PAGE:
Branded Email Addresses, And How Not to Use Them

by Nate Hoffelder

After a decade of running The Digital Reader, Nate is a veteran web publisher with experience in design, maintenance, recovery, and troubleshooting. What little he doesn't know, he can learn.

July 30, 2021

Many marketing experts will tell you that you should get your own domain and set up a branded email ([email protected], for example). And they are right; many people see having a branded email as a sign of professionalism, and use it to decide who they want to do business with.

That is a good marketing and branding tip, but here’s a tech and security tip:

Never use that email address to set up an account – not on Amazon, not anywhere.

One of the lesser known technical facts about email is that there’s a standard setting in many email server platforms which enables mis-drected or mis-addressed messages to be forwarded to a default email address.

What this means is that if you use [email protected] on, say, your Amazon account, and then you let the domain registration for MySite.com expire, anyone who then registers the domain can start getting your emails, including account status emails. (It’s similar to someone registering your old phone number, and getting your calls.)

The new owner of that domain does not need to know what your old email account was; they just have to register the domain and set up a default email account.

This is in fact so easy that anyone with a minimum of technical skill can do it. All they need is a web hosting account which uses Cpanel, and an unregistered domain.

I know this because I like to register expired domains which used to belong to now-dead companies in the ebook and WordPress spheres. My original goal was SEO, but one day I decided to set up those domains on an email server just to see what happened.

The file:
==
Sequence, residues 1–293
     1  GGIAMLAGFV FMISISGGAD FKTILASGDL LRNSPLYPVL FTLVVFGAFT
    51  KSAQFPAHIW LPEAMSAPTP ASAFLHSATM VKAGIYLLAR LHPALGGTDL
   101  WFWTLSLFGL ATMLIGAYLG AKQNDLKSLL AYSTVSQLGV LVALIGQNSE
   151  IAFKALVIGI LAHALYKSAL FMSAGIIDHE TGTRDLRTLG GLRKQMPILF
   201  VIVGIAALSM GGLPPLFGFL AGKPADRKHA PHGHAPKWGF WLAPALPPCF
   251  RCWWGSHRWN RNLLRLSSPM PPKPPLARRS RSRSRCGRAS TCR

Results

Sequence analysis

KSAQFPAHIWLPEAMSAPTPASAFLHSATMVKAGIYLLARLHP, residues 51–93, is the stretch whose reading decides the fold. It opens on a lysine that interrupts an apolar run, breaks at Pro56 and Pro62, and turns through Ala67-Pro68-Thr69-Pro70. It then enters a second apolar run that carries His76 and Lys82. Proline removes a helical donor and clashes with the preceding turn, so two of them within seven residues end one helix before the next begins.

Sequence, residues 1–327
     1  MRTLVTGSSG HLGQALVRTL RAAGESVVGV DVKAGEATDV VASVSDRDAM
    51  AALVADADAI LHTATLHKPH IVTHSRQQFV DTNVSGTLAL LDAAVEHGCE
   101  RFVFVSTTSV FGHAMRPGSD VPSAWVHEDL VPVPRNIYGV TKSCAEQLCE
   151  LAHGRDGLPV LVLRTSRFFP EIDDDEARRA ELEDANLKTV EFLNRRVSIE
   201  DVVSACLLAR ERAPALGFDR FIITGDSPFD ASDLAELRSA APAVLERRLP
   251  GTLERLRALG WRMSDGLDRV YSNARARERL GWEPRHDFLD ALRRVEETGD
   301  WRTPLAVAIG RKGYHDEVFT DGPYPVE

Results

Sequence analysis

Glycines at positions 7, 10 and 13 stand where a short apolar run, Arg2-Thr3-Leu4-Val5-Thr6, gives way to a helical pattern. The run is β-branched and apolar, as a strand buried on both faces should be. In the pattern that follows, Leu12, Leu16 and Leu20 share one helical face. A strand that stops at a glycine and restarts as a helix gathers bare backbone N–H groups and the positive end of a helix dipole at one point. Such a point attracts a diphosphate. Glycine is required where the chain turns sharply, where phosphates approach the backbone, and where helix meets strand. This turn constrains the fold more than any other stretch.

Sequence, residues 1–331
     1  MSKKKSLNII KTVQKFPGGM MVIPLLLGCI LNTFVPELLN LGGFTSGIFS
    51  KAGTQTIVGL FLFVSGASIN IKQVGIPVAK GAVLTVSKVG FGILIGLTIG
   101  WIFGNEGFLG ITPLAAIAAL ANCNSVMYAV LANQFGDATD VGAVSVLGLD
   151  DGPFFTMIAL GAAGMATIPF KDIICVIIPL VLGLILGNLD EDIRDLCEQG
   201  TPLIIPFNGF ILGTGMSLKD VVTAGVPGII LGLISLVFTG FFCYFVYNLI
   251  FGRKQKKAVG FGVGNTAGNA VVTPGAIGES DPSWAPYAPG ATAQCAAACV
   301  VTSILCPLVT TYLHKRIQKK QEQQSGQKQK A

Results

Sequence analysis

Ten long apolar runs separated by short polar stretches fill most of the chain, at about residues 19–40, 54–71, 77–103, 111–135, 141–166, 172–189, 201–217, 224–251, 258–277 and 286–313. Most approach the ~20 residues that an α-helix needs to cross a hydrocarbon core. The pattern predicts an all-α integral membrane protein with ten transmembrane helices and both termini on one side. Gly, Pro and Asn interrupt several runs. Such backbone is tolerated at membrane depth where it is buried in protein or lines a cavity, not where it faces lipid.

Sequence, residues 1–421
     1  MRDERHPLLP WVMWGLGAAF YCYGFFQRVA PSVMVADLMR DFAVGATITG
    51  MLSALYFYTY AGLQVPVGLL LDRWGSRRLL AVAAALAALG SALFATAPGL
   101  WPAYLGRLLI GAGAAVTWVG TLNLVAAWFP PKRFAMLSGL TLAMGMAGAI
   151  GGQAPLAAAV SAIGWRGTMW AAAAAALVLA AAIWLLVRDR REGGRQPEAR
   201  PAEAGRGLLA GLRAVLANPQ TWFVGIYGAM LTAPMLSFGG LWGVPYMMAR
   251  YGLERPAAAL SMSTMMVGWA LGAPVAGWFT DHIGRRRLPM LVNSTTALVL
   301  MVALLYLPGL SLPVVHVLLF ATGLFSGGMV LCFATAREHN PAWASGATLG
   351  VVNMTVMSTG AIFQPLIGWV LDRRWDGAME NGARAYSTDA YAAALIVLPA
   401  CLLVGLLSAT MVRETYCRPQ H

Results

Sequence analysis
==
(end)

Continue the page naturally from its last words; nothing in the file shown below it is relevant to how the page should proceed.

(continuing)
I now get all sorts of emails via those old domains, including for Twitter accounts, Paypal, and what have you.

  • For a while now I have been getting emails from Paypal related to an account which used to belong to the Dutch ereader company, Irex. (I can’t access that account due to the increased security, but still! )
  • One WP theme developer put his own email address down as the admin email for all the sites which used his themes. Until I turned it off, I got hundreds of spam emails from all of those sites’ contact forms.
  • I also now control the Twitter accounts created by several dead tech companies (it’s really easy to send password reset emails).
  • The original inspiration for this post was a security confirmation email I got for someone’s Amazon Shopping account. Yes, I could access their Amazon account and order stuff if I wanted to. (This scares the shit out of me, too.)

Folks, I am never going to do anything bad with the email accounts I control, but the next guy may not be as ethical as I am.

This is why you should check to see if you have made the above mistake. Go into your accounts and replace any [email protected] email address with, say, a Gmail email address.

Then, once you’ve done that, you should also add extra security to any account where money is involved. This will protect your account in the case of a hack or leaked password.

Hi, I'm Nate.

I build and fix websites for authors, and I am also a tech VA. I can build you a website that looks great and turns visitors into fans, and I can also fix your tech when it breaks. Let me fight with tech support so you don’t have to.

My blog has everything you need to know about websites and online services. Don’t see what you need. or want personalized help? Reach out.

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  1. Geoff

    Good article , right up to the point you suggest using gmail as the replacement. I definitely don’t want them knowing this stuff either. Or anything really.

    Same problem exists with any of the big free, email providers: hotmail/outlook/365/whatever it’s called this week, iCloud etc. Which is the real reason why we want to move to our own providers in the first place – not because some marketing genius thinks it looks better.

    • Nate Hoffelder

      Tell me you didn’t read my post without telling me you didn’t read my post.

  2. Terri Thomas

    what email provider do you recommend?
    ie, what email provider is the least nosy on capturing user info?
    I’ve heard negative things about gmail and outlook, and my old aol is not being supported well



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